Benghazi women still seek their 'disappeared'


EVERY SATURDAY for the past four years, the women have gathered outside Benghazi’s seafront courthouse to demand answers.

Dressed in black, they hold portraits of their fathers, husbands, sons and brothers who were taken by Muammar Gadafy’s security services and never seen again.

These are the women of what are known here as the Abu Salim families – those whose male relatives disappeared into the void of Libya’s most notorious prison.

In an attempt to root out dissidents in the 1980s and 1990s, the Gadafy regime rounded up thousands of men all over Libya.

Most ended up in Abu Salim, which is located in the suburbs of Tripoli. They included Islamists and secular opponents of Gadafy, but many were guilty only of being in the wrong place at the wrong time.

The conditions at Abu Salim were horrific.

“For one whole year I did not see the sun,” recalls Mahmoud, who spent seven years there. “When they failed to break us with electrodes, they reduced our food allowance so that we began to starve. We were treated worse than animals.”

In June 1996, inmates at the jail, many of whom were from Benghazi, rebelled. The regime’s response left 1,200 prisoners dead, according to Human Rights Watch. It has become known in Libya as the Abu Salim massacre.

For years, Libyan officials denied that the killings at Abu Salim had ever taken place. The first public acknowledgement was by Gadafy in 2004. He said that prisoners’ families had the right to know more. To date, however, there has been no official account of what transpired at Abu Salim over two summer days in 1996.

The families have maintained their Saturday vigil outside the courthouse since 2007.

“Abu Salim is the deepest wound in our country,” says Salah, a Benghazi resident. “Every time I passed these women protesting, it made my eyes fill with tears.”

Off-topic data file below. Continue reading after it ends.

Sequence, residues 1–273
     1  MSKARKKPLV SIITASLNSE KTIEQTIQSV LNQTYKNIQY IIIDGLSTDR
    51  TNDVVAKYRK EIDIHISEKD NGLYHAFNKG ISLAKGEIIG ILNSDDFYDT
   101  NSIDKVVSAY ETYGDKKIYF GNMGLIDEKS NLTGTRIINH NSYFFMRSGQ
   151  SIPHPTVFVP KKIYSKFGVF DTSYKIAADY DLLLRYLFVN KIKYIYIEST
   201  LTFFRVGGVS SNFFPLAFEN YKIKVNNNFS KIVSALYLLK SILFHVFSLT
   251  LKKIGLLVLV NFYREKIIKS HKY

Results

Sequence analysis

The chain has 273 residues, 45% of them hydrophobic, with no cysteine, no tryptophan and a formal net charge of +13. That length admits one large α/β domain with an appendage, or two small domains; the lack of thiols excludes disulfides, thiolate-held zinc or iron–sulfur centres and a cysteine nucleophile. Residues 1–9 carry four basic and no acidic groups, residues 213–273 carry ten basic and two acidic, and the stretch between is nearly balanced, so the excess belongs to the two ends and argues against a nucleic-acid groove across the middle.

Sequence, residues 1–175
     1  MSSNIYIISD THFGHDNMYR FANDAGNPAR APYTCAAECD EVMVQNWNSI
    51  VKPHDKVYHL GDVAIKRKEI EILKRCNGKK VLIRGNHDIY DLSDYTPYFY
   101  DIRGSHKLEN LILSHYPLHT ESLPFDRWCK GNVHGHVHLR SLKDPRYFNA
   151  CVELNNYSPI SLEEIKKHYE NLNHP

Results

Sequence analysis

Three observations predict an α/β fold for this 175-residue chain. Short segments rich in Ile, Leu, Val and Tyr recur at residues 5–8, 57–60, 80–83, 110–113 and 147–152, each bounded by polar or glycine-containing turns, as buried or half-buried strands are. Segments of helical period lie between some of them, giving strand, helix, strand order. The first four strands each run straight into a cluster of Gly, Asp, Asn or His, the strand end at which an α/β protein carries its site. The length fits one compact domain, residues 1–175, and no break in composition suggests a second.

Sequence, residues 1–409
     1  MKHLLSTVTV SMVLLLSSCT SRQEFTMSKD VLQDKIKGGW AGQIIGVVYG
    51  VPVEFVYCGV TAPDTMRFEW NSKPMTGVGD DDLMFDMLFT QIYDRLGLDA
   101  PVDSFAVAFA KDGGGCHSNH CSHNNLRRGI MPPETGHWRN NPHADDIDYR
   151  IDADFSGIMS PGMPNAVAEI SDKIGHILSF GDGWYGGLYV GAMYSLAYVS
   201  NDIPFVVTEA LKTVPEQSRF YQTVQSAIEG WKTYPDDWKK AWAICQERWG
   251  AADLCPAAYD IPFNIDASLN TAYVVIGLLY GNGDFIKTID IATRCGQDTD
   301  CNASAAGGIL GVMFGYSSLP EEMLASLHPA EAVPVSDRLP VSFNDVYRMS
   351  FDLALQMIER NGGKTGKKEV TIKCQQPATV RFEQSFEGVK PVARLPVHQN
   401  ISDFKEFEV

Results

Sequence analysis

Nadia Terbil carries a lovingly embellished photograph of her husband Jamal who was picked up by the security services in 1989. He was 27 at the time.

“We don’t want money, we want answers,” she says. “We want to know what happened to our loved ones.”

Nadia’s brother is Fathi Terbil, a lawyer representing many of the Abu Salim families. Their brother Ismail is also one of the disappeared. On February 15th, Terbil was arrested, prompting protests not just by the families, but by thousands of locals. It was these demonstrations that evolved into the full-blown revolt now shaking Gadafy’s 42-year rule.

“We, the Abu Salim families, ignited the revolution,” Terbil said this week. “The Libyan people were ready to rise up because of the injustice they experienced in their lives, but they needed a cause. So calling for the release of people, including me, who had been arrested became the justification for their protest.”

Today at the courthouse, which has now become a headquarters and rallying point for the protesters who have swept away Gadafy’s writ across eastern Libya, the women of the Abu Salim families still stand.

Among them are septuagenarians with rheumy eyes who sit with the fading photographs of sons, not seen for decades, resting on their laps.

“I just want to find out what happened to him before I die,” says one of her son who was taken away in 1977. “They told me many years ago that I shouldn’t look for him any more. It has torn at my heart every since.”

On the walls of the courthouse the photographs of men believed to have died at Abu Salim in 1996 peer from large banners. Few are bearded, something Libyans say was enough to get a man arrested during those dark days. Most are shockingly young and fresh-faced.

One is Akram Zubi, a clothes trader who disappeared, aged 23, in 1993. His family learned from a friend who was later released from Abu Salim that Akram had died in the massacre.

“He was not political, his only crime was praying at the mosque,” says his sister Faiza. “We want to know who killed him and why. We want justice.”

The crowd starts singing: “We will stay here until the pain goes away.” Kiria Terbil approaches with a framed photograph of her and Fathi’s brother Ismail.

“This uprising would not have happened without us,” she says. “We will never let Gadafy forget Abu Salim.”